Step 1: Define your goals


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Before you start trading you need to define your goals. That means you need to start with the end in mind.

Step 1: Define your goals

Depending on how much money you have, on what purpose you have for trading and what your time horizon is, you will need to approach trading totally differently.

Assess your financial bagage

How much money do you have to start trading?

That question is key, because getting started with $100 in your pocket isn’t exactly the same as starting with $10,000, or $100,000. Then depending on your goals, that will tell you the level of risk you are going to have to take.

It’s all a factor of funds, goals and time horizon. Let me illustrate why this is a key part of defining your goals:

If you have $1,000 available and want to reach $100,000 in two years, that’s a 900% return a year, so you need to multiply your account by ten every year.

That is hardly a return any normal trader can achieve, let alone consistently. But if that’s your real target, then you are going to have to take A LOT of risk. And you stand quite a reasonable chance to lose all your funds.

Have realistic expectations

The tables below shows you how much you would make with three types of startup funds earning X% yearly income over a Y time horizon.

Returns on trading with 1000 USD

How the table reads : if you invest $1,000 for 10 years at a yearly return of 20%, you will end up with $6,192.

Returns on trading with 10,000 USD
Returns on trading with 100,000 USD

These tables can help you set realistic expectations for your expected rate of return depending on your starting funds and your time horizon.

Note : If you’re aiming for a consistent rate of return higher than 20% a year, be aware that very few traders achieve this kind of performance on the long run.

Another thing to keep in mind. You legally need $25,000 to day trade stocks in the US (this is called the PDT or Pattern Day Trader rule).

If you buy and sell a stock within the same day, your account will be flagged by your broker if it doesn’t have the minimum funding. Forex on the other hand does not require minimum funding, however I wouldn’t advise to start with less than $500.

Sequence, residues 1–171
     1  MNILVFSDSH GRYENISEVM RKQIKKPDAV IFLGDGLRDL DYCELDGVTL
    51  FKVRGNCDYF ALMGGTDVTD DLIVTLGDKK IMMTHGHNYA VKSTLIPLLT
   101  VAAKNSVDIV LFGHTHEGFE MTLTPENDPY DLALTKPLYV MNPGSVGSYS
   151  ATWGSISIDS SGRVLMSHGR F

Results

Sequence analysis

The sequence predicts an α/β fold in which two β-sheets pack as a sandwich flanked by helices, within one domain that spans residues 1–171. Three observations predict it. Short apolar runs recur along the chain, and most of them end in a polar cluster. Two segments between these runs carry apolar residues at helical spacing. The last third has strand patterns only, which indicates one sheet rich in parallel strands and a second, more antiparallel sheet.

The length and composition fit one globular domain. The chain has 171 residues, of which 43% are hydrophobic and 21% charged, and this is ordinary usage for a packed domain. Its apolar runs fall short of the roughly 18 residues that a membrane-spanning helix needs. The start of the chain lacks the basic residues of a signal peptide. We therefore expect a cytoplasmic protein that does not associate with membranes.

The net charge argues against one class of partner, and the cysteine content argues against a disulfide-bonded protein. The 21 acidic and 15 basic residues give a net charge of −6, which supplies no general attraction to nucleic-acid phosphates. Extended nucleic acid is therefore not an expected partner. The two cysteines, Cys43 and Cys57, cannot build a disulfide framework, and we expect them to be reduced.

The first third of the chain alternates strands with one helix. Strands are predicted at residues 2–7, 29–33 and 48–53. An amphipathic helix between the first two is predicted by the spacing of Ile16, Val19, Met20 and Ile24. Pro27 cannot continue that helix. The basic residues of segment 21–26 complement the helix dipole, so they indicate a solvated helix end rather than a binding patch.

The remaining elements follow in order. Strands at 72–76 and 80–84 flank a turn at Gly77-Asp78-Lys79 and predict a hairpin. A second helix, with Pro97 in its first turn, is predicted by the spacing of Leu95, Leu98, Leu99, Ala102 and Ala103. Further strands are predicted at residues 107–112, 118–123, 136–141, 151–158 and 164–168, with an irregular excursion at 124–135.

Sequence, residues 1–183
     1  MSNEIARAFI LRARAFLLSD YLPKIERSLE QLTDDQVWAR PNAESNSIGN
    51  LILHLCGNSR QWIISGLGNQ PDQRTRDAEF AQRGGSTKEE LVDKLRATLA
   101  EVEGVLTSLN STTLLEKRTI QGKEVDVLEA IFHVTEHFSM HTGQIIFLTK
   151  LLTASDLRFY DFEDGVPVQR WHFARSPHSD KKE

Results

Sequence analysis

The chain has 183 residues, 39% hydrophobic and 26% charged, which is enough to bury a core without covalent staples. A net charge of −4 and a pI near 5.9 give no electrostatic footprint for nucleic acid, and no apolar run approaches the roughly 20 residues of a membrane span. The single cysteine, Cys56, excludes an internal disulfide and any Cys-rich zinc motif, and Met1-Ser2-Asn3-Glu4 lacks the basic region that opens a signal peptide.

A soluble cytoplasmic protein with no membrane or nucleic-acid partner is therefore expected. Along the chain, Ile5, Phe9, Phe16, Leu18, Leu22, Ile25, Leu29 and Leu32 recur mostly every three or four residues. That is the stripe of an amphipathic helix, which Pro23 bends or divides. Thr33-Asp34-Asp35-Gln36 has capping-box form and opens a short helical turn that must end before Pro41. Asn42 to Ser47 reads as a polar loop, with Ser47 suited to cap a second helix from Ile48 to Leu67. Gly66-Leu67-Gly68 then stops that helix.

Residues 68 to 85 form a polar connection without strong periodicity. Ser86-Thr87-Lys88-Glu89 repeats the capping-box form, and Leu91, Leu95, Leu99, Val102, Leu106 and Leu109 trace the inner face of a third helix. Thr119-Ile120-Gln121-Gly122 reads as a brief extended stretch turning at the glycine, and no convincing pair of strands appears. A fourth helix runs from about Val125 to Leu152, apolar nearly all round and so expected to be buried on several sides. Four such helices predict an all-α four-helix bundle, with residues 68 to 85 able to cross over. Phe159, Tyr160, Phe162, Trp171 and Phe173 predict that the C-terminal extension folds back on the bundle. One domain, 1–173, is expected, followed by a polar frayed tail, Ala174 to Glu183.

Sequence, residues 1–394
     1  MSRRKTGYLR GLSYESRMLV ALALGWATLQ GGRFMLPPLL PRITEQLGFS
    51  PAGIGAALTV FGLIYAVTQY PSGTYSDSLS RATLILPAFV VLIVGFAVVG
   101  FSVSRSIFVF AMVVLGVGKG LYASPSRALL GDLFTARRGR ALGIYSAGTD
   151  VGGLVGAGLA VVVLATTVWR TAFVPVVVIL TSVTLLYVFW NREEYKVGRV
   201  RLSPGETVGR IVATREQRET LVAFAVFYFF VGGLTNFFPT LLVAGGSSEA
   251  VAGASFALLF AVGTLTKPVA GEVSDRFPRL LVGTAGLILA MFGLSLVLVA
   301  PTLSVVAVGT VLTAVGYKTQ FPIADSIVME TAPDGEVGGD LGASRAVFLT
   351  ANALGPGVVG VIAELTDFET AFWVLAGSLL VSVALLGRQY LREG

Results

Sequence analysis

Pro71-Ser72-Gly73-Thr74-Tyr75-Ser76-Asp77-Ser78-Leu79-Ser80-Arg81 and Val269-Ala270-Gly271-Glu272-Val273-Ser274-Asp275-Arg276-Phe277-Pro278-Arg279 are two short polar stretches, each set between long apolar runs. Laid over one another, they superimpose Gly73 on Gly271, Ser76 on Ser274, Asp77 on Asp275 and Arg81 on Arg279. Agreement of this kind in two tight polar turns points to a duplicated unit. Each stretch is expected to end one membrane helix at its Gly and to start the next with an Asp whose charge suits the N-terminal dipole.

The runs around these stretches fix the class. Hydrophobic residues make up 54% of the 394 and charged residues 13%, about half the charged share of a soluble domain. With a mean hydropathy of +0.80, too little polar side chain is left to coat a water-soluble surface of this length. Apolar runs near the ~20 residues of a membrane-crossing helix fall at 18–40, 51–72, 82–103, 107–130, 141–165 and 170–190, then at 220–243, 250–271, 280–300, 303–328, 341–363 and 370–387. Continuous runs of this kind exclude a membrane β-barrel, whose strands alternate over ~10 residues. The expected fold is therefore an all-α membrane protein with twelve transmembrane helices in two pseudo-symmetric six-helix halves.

Don’t forget also that your funds will have to pay for the broker’s commissions. A lot of new online brokers advertise zero commission trading, but that’s not always the case, and don’t get fooled, there’s always a twist to that (as explained in this post on Robinhood).

What is your purpose?

Before you start trading, you have to be clear on your intent, otherwise you’ll get mixed up. If you just want a side income to complement your monthly salary, that means two things:

  1. You cannot gamble that salary, you can only use a part of it for trading or maybe you have savings
  2. But on the other hand you’re not depending entirely on trading to pay your bills

It is much safer to start that way than to decide from the outset that you’re going to quit your job and make a living out of trading. Take it step by step, and maybe if you’re successful and consistent you might achieve that dream.

There are some great books on Day Trading that will help you define your goals and give you an idea of what it takes.

I definitely recommend checking out these top recommendations. You can start with Andrew Aziz’s « How to Day Trade for a Living ».

If however you’re looking to save funds for retirement and are ready to be a long term value investor, like Warren Buffett, then you have to adopt a specific strategy.

So start by defining your purpose.

What is your time horizon?

Part of the answer to the previous question is your time horizon. And to each time horizon corresponds a trading style.

  • Investing: usually long to very long term, holding positions (usually stocks) anywhere from a couple of years to 50 years or more;
  • Swing Trading: holding positions over several days, weeks, maybe a few years;
  • Day Trading: positions are entered and exited daily. The day trader has no open position at the daily market close;
  • Scalping: very short term trading, positions last a few seconds or minutes maximum.

Usually a scalper will use very volatile assets, because he needs to profit from very short swings in the asset. Investors on the other hand will be much more interested in the long term fundamental value of the asset. These are two radically different approaches to the market, so you need to think carefully about this.

Another factor is the time your are willing to dedicate to trading. If you have a day job and cannot spend too much time on your screen it’s going to be difficult to scalp or day trade. You might opt for swing trading or investing instead.

The all-mighty snowball effect, or the Importance of compounding

Compounded interest is one of the most powerful forces driving your financial returns over time.

Basically, compounded interest is interest over interest. Let me take an example:

If you earn 10% on a $100 deposit, in year 1 you will earn $10. But if you reinject these $10 in your capital then in year 2 you are earning $11. Interest will apply on a higher capital. This is what we call the snowball effect.

It is a hugely powerful force. Albert Einstein called it « the eight wonder of the world » and Warren Buffett made a fortune out of it. Inc.com made an interesting article around that.

It is something that is hardly taught in schools.

If you start saving and investing while you’re young, you can make a huge difference in your life thanks to compounded interest. Here are some ideas to start investing before you’re 30.

Now that you have a clearer idea of how to define your goals, you need to choose a market to trade. I’ll help you make that choice in Step 2.

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